PCOS, also known as Polycystic Ovarian Syndrome is a complex condition that can significantly affect a woman’s quality of life. One of the biggest ways it does this is by impacting on a women’s ability to conceive and maintain a pregnancy, but it can also impact a woman’s self-esteem by making it difficult to lose weight, it causes acne and hair issues, such as too much hair where a woman doesn’t want it to be, and potentially thinning of scalp hair.
Of course, there is more to it than that, but those are the major things that women report as the issues they’re most upset by.
In this article and podcast I will discuss the lack of awareness and poor understanding surrounding PCOS, how it is often misunderstood and why its name has a role in this. I discuss the common, and not so common signs and symptoms of PCOS and talk about the driving factors that can cause PCOS to develop. I talk about how PCOS is often diagnosed and discuss some of the key ways PCOS can be addressed naturally.
You can listen to this article on the podcast links below, or in the embedded player.
Lack of awareness
Sadly, but not unexpectedly there is a lack of awareness and understanding of PCOS, with many people who have not been diagnosed not aware of the condition at all, but also women who have been diagnosed, and some health practitioners as well, not properly understanding the condition. A big part of this lack of awareness is the lack of research into the condition, but also I believe it is part of the bigger picture of gender bias in medicine, and many conditions that are specific to women do not have the attention they deserve, perhaps the exception being breast cancer. One of the other things that doesn’t help this lack of awareness and understanding is the name of the condition itself – polycystic ovarian syndrome.
The name makes a few false implications which cause overall confusion – so here are a few points I want you to know:
- The condition doesn’t originate in ovaries and the condition is not all about ovaries either, after menopause, the condition can persist. It is more of a metabolic condition, with systemic high androgens and insulin resistance being the core drivers.
- A PCOS ovary doesn’t actually have ‘cysts’, rather what you can see on ultrasound is immature follicles. Follicles are the little sacks that your oocyte, or eggs sit in waiting for the hormones from the brain to tell it to mature and then ovulate. The issue is these follicles in PCOS is they aren’t developing properly, so if we got them to develop fully these so-called cysts would be a baby (if met with a sperm).
A new name?
Many physicians and researchers have proposed a name change for PCOS, however, that was being proposed in 2013 and it’s 2020, so who knows when that will happen. I agree the condition does need a name change, as I feel PCOS is not a good representation. One of the names suggested which I like is ‘metabolic reproductive syndrome’, however other names suggested were Poly-follicular ovarian syndrome with metabolic dysfunction and/or hyperandrogenic manifestations (PFOS-MD and/or -HM).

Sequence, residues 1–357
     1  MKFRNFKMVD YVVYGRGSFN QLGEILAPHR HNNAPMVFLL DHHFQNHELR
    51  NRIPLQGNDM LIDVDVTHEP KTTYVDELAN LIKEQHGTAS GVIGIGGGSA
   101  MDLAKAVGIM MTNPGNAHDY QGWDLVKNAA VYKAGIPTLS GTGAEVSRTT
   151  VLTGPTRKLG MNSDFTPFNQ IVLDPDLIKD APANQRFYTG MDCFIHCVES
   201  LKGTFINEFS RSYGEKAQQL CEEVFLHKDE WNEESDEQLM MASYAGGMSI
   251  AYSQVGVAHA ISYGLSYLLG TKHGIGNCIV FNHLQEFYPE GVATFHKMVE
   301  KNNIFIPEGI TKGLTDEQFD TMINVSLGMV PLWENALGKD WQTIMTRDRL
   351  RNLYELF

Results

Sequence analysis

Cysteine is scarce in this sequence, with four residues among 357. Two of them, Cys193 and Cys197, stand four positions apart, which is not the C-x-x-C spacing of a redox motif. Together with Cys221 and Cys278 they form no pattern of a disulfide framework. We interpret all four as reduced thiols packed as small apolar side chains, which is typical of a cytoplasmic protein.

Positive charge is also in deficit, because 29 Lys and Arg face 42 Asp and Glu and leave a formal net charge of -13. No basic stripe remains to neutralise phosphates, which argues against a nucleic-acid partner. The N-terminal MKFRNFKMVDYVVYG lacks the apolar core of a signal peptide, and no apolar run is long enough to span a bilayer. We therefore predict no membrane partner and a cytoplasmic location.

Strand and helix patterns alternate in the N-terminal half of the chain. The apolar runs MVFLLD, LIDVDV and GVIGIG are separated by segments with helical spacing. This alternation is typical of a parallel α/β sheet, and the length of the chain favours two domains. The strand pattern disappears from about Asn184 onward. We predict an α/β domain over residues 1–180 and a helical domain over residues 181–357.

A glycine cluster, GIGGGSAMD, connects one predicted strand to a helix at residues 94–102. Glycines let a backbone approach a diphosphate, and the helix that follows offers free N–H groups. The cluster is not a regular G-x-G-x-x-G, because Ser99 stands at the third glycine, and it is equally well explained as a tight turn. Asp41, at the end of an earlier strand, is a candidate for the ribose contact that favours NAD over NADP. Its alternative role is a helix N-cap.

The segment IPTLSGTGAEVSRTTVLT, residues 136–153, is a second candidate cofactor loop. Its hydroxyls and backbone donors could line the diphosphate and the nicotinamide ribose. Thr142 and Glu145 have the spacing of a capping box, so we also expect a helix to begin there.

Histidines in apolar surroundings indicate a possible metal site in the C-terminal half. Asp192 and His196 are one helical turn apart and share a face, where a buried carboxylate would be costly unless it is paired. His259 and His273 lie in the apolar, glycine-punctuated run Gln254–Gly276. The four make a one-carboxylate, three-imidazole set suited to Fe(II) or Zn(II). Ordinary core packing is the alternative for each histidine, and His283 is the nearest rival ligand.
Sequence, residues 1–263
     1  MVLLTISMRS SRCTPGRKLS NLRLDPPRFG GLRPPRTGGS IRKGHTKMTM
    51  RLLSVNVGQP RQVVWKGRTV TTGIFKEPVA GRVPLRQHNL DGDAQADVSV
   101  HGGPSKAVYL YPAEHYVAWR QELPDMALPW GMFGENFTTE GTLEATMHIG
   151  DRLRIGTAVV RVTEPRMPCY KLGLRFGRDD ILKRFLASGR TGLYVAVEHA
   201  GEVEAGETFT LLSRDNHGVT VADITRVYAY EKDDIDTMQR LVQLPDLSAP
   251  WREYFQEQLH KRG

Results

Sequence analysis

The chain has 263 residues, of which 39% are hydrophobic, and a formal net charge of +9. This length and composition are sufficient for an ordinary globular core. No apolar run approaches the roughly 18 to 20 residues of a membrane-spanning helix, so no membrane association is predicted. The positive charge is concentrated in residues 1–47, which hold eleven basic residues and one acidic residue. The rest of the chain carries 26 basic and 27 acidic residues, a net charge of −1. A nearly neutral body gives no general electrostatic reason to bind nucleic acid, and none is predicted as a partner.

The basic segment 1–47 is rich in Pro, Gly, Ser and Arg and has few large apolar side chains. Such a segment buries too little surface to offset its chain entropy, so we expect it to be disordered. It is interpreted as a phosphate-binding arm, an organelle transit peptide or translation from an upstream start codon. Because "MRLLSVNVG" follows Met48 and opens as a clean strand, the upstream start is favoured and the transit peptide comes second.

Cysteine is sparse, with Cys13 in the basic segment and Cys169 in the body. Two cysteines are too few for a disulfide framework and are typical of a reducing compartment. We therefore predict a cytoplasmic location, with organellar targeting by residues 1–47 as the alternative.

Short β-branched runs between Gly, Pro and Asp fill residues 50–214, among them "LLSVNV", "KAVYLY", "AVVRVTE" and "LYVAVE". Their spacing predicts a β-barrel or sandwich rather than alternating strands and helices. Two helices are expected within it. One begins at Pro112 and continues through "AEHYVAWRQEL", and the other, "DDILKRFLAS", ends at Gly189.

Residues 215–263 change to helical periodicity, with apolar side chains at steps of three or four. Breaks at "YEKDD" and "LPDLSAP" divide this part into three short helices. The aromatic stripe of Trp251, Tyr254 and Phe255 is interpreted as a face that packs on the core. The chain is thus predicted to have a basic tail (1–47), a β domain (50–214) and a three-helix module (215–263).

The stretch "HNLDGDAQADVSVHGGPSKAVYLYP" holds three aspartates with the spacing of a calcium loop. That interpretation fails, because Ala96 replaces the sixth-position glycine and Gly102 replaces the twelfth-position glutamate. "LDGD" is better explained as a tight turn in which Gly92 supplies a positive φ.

The list of potential signs and symptoms is long for PCOS, which explains why there are so many women out there that don’t know why they have the symptoms they do.
Most common symptoms of PCOS include:
- Irregular periods or absent periods
- Weight gain
- Excessive hair growth, also known as hirsutism. This can vary in locations and intensity and it will also be different dependant on your nationality.
Less well known, but still common symptoms:
- Anxiety and/or depression
- Brain fog
- Skin tags
- dark patches on the skin
- low libido
- Sleep disturbances and snoring (Sleep apnoea can also be more common due to the higher level of androgens. Poor sleep can worsen PCOS by worsening insulin resistance.)
And more than that, there are other complications, especially regarding fertility and baby’s health. The higher levels of androgens can increase the risk of miscarriage and are also linked with some increased risk for baby such as higher birth weight. Women with PCOS also tend to have difficulty with breastfeeding and a higher risk of diabetes after birth.
Thankfully, many of these risks are modifiable by correcting the underlying causes of PCOS, which I will discuss later.
Causes of PCOS – How does the switch get turned on
There are different ways PCOS can express, and for these different subtypes, there are different causes.
The main cause is insulin resistance, which causes the male hormones androgens to become high. Insulin, when it is too high, can trigger more production of testosterone, but it can also lower the amount of SHBG (sex hormone-binding globulin) which means our bodies can’t bind up the excessive testosterone as well, and so more is circulating our body, causing the symptoms of PCOS such as acne and hair issues. Insulin excess also affects our FSH : LH ratio which is important for ovulation, and high testosterone stops our follicles from maturing completely, so this means woman’s ability to ovulate is affected, and if that is affected their chances of conceiving is reduced, and oestrogen and progesterone balance is also affected.
There are different types of androgens, such as testosterone, DHEA and androstenedione, and depending on which one is elevated we can get an idea of what is driving your PCOS. For instance, if DHEA is high, we know that stress is a big driver.
It is also possible to have PCOS without insulin resistance and this is typically due to inflammation. this is a much rarer subtype, but certainly something to consider.
Something else to consider is your gut health can play a role in both hormone balance and metabolism. Your gut bacteria are responsible for so many things in the body, and if you’ve listened to my previous podcasts or read some of my other blog posts you’ll know that your microbiome is of vital importance in improving health. How does it affect PCOS? Well, if your microbiome is out of balance it can affect your metabolism, which can worsen insulin resistance. And an out of balance microbiome can also cause hormone problems, by allowing more of your ‘bad’ hormone metabolites to cycle back through the body.